See also
Web collections
BramDriesen/ssl-site-crawler - GitHub

BramDriesen/ssl-site-crawler – GitHub

# SSL Site Crawler
An ethical crawler bot to create a safer internet for everyone.
As of July 2018, Google (read) is going to start prominently telling its users that the sites they’re visiting aren not secure. To combat this issue and create a safer internet for everyone I decided to create a scraper that will try to scrape all government* websites and check if they are correctly protected with an SSL certificate.
* Or other sites matching the search criteria/force include setup.
All the data will be stored in a Firebase database to later on sanitize the data and create some infographics.
Setup
On a clean Ubunti installation.
apt-get install git nano
git clone mkdir firebase
touch
nano and add you JSON config.
Copy json config into this file
sudo apt-get install -y python3-pip
pip3 install –upgrade pip
Install dependencies:
pip3 install pyyaml
If you get error: unsupported locale setting
Run: export LC_ALL=C
pip3 install google
pip3 install beautifulsoup4
pip3 install firebase-admin
pip3 install grpcio
If needed alter the configuration files.
Let’s run!
python3
If you get the following error:
UnicodeDecodeError: ‘ascii’ codec can’t decode byte 0xc3 in position 821: ordinal not in range(128)
Follow this: To run in the background on a server install tmux
apt-get install tmux
Running with tmux
tmux
ctrl + b
d
Re-attach to session
tmux a 1
Full tmux cheat sheet: Firebase setup
Source:
If you don’t already have a Firebase project, add one in the Firebase console. The Add project dialog also gives you the option to add Firebase to an existing Google Cloud Platform project.
Navigate to the Service Accounts tab in your project’s settings page.
Click the Generate New Private Key button at the bottom of the Firebase Admin SDK section of the Service Accounts tab.
Q&A
Q: Are Python 1 & 2 supported?
A: Nope
Q: How is the performance like?
A: Not that great imho especially if you use the Google search. Nevertheless the performance is depending on a lot of different variables, like: How fast can Google return the results, how fast is the target website, how fast is my data transfer to Firebase, how fast is my own internet connection,…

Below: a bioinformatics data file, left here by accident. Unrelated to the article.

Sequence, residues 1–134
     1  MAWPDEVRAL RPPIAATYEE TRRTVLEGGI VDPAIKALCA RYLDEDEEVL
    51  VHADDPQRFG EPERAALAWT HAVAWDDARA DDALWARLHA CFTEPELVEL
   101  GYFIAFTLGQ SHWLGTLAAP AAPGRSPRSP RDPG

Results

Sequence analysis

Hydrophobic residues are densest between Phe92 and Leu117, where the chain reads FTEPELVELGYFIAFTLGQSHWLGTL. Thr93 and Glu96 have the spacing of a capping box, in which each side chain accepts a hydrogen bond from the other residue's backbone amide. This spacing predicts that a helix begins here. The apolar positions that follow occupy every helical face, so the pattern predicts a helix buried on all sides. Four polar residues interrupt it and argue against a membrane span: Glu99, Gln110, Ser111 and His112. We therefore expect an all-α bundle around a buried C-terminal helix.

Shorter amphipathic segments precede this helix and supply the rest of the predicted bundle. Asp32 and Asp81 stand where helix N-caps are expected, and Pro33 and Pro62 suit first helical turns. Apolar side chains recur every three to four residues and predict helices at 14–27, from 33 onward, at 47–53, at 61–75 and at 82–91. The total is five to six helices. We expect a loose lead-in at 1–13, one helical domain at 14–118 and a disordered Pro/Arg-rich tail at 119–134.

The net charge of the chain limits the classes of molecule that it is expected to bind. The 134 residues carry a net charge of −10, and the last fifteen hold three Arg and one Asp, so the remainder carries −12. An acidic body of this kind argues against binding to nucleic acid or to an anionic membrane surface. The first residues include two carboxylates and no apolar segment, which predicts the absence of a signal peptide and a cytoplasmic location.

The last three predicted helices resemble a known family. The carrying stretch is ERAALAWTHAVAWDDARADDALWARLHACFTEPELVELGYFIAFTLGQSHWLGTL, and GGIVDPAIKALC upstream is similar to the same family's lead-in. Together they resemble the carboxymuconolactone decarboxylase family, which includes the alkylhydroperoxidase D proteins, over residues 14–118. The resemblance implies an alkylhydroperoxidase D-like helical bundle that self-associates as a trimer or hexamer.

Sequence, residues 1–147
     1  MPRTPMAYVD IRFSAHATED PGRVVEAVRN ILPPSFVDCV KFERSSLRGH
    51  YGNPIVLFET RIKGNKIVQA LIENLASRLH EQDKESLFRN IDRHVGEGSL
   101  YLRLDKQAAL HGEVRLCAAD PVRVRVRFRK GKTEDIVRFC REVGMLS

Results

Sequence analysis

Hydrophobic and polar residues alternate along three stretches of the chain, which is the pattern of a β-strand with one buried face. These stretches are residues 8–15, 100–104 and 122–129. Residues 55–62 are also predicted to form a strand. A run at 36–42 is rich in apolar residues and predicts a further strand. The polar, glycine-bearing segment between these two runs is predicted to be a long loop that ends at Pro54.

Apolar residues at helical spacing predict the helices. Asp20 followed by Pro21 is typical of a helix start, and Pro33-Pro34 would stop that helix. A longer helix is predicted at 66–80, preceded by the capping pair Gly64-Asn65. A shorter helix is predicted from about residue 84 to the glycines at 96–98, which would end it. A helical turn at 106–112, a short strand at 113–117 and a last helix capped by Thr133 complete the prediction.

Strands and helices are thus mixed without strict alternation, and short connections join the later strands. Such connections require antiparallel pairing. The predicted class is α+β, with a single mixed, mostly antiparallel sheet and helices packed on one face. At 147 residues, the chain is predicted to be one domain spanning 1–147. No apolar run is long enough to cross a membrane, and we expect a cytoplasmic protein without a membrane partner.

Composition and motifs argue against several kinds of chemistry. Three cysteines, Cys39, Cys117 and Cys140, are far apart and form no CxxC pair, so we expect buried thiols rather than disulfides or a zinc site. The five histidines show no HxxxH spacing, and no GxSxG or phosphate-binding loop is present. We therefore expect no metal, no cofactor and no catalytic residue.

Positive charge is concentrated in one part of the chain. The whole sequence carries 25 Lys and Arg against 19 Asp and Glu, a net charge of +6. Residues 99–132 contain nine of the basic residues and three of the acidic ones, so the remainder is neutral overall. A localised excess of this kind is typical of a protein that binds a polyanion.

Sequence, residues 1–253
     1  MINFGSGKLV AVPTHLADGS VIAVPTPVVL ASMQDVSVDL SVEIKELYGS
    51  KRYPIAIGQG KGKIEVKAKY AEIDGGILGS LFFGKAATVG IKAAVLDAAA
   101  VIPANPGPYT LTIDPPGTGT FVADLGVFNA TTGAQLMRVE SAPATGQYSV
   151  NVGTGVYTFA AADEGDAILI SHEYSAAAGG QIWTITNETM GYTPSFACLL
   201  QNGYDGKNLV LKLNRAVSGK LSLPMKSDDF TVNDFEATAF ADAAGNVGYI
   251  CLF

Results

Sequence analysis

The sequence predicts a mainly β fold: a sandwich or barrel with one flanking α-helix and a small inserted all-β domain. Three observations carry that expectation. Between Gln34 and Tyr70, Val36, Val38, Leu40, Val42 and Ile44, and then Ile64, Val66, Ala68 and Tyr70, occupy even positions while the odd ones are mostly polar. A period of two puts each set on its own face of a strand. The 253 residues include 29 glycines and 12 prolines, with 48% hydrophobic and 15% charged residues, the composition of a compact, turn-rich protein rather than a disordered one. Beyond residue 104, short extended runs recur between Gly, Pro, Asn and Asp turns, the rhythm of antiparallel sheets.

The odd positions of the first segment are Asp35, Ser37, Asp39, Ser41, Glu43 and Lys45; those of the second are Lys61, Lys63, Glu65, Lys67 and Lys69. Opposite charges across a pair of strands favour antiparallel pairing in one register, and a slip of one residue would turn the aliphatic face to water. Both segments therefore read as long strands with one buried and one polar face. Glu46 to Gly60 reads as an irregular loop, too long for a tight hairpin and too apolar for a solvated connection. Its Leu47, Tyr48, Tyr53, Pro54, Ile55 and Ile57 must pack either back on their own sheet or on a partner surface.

Q: When is a site marked as unsafe?
A: I decided to mark a a website as unsafe when any of the following criteria are met:
No HTTPS available
HTTPS enabled websites that don’t automatically redirect HTTP to HTTPS
Invalid certificates or other certificate errors
If google happens to return a dead URL, the URL is marked as ‘dead’.
Q: Should all websites have an SSL certificate?
A: In my opinion, YES!
Q: SSL Certificates are expensive, I don’t want to spend X$ for my small website. What should I do?
A: Take a look at letsencrypt, they offer free SSL certificates for everyone. Furthermore more and more hosting providers are providing Let’s encrypt for free in their offerings.
Q: Should I care about SSL certificates?
A: Yes you should! From the moment your website has a login form, or any other form. Hackers can intercept the communication between the user and your back-end system. If your website is not encrypted it’s like writing your PIN code on your credit card and giving it to a stranger.
Q: Is this the best way to crawl websites based on keywords?
A: Probably not, but it works fine in my use case.

Frequently Asked Questions about ssl site crawler

How do I make my site HTTPS crawl?

The six steps to crawling a website include:Configuring the URL sources.Understanding the domain structure.Running a test crawl.Adding crawl restrictions.Testing your changes.Running your crawl.

What does crawling a website mean?

Web crawling is the process of indexing data on web pages by using a program or automated script. These automated scripts or programs are known by multiple names, including web crawler, spider, spider bot, and often shortened to crawler.Dec 15, 2020

How does a crawler work?

Because it is not possible to know how many total webpages there are on the Internet, web crawler bots start from a seed, or a list of known URLs. They crawl the webpages at those URLs first. As they crawl those webpages, they will find hyperlinks to other URLs, and they add those to the list of pages to crawl next.